Bagoong: the Ultimate Umami Bomb

This piece was originally posted at Filipino Kitchen by fellow blogger Sarahlynn Pablo.  Head on over to their site for more musings, recipes, and happenings in the Windy City.

How to Make Bagoong

by Sarahlynn Pablo

Homemade bagoong, ready for aging.

An Historical Defense of Bagoong, by Dr. Jose Rizal

“Their daily fare is composed of: rice crushed in wooden pillars and when cooked is called morisqueta (this is the staple throughout the land); cooked fish which they have in abundance; pork, venison, mountain buffaloes which they call carabaos, beef and fish which they know is best when it has started to rot and stink.” – Antonio de Morga, Spanish lieutenant-governor of the Philippines, in “Sucesos de las Islas Filipinas” (Events of the Philippine Islands), late 16th century.

“This is another preoccupation of the Spaniards who, like any other nation, treat food to which they are not accustomed or is unknown to them, with disgust… This fish that Morga mentions, that cannot be known to be good until it begins to rot, all on the contrary, is bagoong and those who have eaten it and tasted it know that it neither is nor should be rotten.”

– Annotations from Dr. Jose Rizal’s re-edition of Antonio de Morga’s historical text, 1890. Both quotes from Professor Ambeth Ocampo’s “Meaning and History: The Rizal Lectures” (2001).

Bringin’ the Funk

“Your auntie is making bagoong, go and help her,” Mom said.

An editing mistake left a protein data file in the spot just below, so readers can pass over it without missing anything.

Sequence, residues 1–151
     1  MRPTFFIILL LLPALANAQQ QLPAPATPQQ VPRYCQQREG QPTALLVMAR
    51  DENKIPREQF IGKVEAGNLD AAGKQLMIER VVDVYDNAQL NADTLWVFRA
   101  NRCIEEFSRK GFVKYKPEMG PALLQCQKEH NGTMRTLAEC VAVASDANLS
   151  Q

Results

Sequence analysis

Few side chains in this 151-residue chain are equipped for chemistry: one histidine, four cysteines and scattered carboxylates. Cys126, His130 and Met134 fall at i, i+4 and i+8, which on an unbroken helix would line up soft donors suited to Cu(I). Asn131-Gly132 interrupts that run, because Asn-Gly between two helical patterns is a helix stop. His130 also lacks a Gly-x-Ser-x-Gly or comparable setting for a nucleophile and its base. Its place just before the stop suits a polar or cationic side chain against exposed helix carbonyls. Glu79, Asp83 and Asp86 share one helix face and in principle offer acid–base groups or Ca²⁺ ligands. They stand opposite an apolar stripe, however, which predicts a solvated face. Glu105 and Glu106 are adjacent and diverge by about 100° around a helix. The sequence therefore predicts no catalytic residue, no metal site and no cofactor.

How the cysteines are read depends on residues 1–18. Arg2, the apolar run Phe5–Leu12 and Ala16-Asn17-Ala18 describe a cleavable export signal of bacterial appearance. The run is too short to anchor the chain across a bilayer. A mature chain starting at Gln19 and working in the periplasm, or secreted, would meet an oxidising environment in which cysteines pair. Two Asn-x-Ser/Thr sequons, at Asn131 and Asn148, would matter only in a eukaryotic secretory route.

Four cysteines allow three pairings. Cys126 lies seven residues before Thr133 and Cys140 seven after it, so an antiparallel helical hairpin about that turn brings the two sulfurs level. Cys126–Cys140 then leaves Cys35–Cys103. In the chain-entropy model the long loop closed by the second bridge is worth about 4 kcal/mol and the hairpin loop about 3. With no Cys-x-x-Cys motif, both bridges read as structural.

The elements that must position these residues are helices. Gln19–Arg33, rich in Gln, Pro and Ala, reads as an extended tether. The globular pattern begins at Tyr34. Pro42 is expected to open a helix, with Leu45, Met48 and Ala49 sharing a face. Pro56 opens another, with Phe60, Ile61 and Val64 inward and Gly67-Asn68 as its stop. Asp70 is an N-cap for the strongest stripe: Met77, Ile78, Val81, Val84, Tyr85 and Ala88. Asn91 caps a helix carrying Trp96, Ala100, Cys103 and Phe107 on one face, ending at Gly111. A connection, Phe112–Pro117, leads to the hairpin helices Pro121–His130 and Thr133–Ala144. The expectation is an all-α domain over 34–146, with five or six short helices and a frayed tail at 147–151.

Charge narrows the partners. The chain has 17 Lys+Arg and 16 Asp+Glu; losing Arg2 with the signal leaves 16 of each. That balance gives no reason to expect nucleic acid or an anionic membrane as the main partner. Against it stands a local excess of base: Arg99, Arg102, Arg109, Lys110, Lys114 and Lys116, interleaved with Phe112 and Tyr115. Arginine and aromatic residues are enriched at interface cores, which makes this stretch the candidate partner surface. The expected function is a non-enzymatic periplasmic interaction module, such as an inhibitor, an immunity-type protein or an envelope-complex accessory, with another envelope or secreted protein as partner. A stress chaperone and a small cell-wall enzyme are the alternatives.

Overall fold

During my recent visit to the Philippines, my mom and aunt showed me how to make bagoong. Sure, I may rarely, if ever, make bagoong myself in Chicago, but there’s something comforting in knowing that I know how.

Bagoong, the funky, fermented seafood paste, is a mainstay of any Filipino’s kitchen. It’s a salty, aged, rich fish flavor–the blue cheese of the seas. It can be made with different types of seafood. Bagoong from shrimp appears pink or mauve in color, and is studded with the black beady eyes of the baby crustaceans. Made from crab, the paste is dark orange; from anchovies or sardines, it is a dark reddish brown. Bagoong flavors many Filipino dishes and is also served on the side to compliment dishes like Kare-Kare (a savory peanut oxtail braise), and snacks like unripe green mangoes, steamed rice or saba bananas. Bagoong is a relatively inexpensive protein that is shelf stable and can last a long time.

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